The road to Sochi has been full of bumps, debris, roadkill, pylons, and gravel, among a number of other growing safety concerns.
In the days leading up to the Russian-hosted Olympics there were also death threats, anti-gay threats, alleged corruption and the most invasive surveillance in the history of the Games.
“Sochi is safe,” United State President Barrack Obama assured CNN this week. But a series of events leading up to this year’s Olympics has indicated otherwise. Russia’s President Vladimir Putin has made it clear that authorities will be monitoring the actions of everyone at the Games.
However, this news will not stop CBC’s executive producer, and Ryerson instructor, Mark Bulgutch from doing his job while covering the Games this month. “It won’t change a thing. The CBC has bought the rights to the Games from the IOC, not from Russia,” Bulgutch said. “Russia doesn’t run the Games, officially. The IOC runs the Games.”
The 14-time Gemini Award winner is there to do a job, and he doesn’t plan on having politics interfere with that fact. “I am going for sports. This is an Olympics … There are news people there covering it as a news event, and sports is mandated to cover it as a sporting event,” he said.
“I know CBC has a plan to deal with how Sochi got the Games, the security issues, the gay rights issues … but (the CBC) sports mandate is to cover sports, first and foremost.”
Bulgutch insists that the panic leading up to these Olympic Games, and specifically about Putin, is unwarranted. “What’s he going to do? Kill us out? Not gonna happen … I could get killed waiting for a bus. People get killed doing absolutely innocent things,” he said. “I certainly don’t want anything to happen to me there, but in life you take certain risks.”
Ryerson student Winston Chow is in Sochi as a photographer for the Canadian Olympic Committee. He described over email that Russian security is “very visible,” but he has “been advised not to comment in general on security.”
Concerns about this year’s Olympics vary. Safety is clearly an issue, but so is terrorism, human rights, corruption, waste and overspending.
Recently, the U.S. Department of State released a travel alert for Americans travelling to Russia for the Games. According to Russia’s “gay propaganda” law, any foreign citizen can be fined, jailed, or deported if they promote LGBT equality in public. The alert also advised U.S. athletes not to wear any team-issued uniform gear outside the venues, saying it could make them targets.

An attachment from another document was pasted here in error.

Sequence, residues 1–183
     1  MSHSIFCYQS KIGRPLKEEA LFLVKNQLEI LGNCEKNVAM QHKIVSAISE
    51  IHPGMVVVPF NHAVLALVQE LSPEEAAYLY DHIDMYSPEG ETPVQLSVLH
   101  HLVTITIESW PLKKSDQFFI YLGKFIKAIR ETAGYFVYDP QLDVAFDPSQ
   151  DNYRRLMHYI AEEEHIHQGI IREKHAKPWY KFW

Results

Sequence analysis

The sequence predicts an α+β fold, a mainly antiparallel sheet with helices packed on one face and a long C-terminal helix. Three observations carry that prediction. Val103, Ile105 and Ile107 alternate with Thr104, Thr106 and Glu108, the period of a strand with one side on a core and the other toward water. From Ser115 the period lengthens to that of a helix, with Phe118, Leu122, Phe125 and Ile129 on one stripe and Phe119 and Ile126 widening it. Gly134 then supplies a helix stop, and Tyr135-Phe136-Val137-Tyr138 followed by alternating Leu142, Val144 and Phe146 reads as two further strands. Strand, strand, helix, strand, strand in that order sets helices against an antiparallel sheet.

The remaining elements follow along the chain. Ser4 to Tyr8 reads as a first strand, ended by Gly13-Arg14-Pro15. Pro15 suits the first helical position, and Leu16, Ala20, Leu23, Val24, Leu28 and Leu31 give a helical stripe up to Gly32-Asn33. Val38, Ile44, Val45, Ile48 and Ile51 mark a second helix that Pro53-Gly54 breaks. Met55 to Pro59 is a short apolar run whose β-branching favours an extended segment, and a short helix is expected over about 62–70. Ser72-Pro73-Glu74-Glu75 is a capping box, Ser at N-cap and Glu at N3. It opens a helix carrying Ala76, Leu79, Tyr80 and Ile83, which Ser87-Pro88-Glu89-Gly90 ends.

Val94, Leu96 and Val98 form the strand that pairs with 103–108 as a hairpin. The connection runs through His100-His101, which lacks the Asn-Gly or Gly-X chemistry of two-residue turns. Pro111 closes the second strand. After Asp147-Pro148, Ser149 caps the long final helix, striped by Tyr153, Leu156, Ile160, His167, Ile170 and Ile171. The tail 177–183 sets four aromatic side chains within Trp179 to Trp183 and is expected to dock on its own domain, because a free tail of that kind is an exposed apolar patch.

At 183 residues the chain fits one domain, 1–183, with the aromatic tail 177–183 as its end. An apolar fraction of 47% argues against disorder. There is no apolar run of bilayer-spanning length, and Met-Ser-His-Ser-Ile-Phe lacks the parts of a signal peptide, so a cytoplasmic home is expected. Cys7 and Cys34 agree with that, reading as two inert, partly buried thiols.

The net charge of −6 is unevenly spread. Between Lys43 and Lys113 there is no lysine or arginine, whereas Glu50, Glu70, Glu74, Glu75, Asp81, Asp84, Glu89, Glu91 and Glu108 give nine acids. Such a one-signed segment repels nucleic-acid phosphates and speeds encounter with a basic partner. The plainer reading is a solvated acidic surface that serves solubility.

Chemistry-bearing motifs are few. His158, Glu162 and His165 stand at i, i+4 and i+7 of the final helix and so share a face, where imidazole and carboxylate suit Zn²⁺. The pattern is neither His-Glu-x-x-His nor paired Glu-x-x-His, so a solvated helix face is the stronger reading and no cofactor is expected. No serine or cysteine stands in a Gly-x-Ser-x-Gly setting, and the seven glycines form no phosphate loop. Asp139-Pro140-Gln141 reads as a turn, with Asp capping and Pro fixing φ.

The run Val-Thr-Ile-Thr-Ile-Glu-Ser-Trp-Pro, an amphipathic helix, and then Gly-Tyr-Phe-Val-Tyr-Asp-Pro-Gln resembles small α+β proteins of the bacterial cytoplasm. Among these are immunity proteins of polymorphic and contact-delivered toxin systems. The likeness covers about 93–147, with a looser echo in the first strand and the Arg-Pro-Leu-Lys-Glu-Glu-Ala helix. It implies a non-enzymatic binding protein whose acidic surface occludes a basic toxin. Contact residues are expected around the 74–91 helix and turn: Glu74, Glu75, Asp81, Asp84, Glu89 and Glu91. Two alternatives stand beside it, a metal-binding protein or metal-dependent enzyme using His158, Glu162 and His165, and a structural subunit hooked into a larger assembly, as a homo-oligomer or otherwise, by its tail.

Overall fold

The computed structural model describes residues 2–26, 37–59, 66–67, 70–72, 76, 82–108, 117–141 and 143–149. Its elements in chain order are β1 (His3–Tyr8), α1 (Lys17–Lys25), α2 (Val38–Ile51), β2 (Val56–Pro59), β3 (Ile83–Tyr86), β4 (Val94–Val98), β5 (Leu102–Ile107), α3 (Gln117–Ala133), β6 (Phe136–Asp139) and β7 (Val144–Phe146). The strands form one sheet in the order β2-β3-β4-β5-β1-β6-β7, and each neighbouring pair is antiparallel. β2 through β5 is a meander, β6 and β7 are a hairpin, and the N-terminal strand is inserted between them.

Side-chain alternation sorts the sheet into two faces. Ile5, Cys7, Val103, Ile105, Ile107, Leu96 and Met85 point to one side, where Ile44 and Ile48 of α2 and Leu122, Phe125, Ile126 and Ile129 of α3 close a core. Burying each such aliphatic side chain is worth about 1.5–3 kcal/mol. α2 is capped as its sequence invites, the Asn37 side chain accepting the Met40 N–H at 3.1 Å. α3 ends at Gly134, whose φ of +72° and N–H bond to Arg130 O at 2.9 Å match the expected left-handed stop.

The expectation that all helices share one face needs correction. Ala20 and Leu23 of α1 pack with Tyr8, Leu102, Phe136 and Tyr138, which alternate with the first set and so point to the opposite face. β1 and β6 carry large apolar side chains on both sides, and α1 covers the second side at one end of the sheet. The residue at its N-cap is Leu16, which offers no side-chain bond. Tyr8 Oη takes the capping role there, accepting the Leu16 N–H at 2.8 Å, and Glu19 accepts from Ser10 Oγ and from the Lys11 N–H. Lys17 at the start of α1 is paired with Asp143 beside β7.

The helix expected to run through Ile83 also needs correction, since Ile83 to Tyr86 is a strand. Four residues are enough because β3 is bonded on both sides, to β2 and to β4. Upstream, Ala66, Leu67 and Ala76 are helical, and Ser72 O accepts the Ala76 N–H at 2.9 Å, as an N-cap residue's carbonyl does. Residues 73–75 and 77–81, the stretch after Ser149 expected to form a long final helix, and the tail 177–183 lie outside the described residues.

Former Canadian Olympian and current Ryerson student Tyler Nella feels fortunate that he participated in the Vancouver Olympics in 2010, and will not be in Sochi this year.
“I feel lucky that my Olympic time was when Vancouver was hosting. It was an amazing environment to be a part of. You would walk anywhere, and everyone would be smiling, and cheering, and wishing you good luck. It was a three-week-long party basically. The energy was unbelievable,” he said. “I don’t think Sochi will have that vibe.”
While this year’s Games have obvious security concerns, Nella says it was “100 per cent safe” in Vancouver. “There was obviously security at the gates of events, but there wasn’t a mob of security guards patrolling around or anything,” he said. “Everyone was so friendly and the positive energy coming from everyone was overwhelming.”
However, regardless of what is going on during any Olympic games, Nella said athletes shouldn’t get distracted from their goals.
“At the end of the day, the external factors need to be put aside,” he said. “Even in Whistler, when everything was super positive, you have to block that all out to focus on your race. Same goes for Sochi.”
This story was first published in The Ryersonian, a weekly newspaper produced by the Ryerson School of Journalism, on February 5, 2014.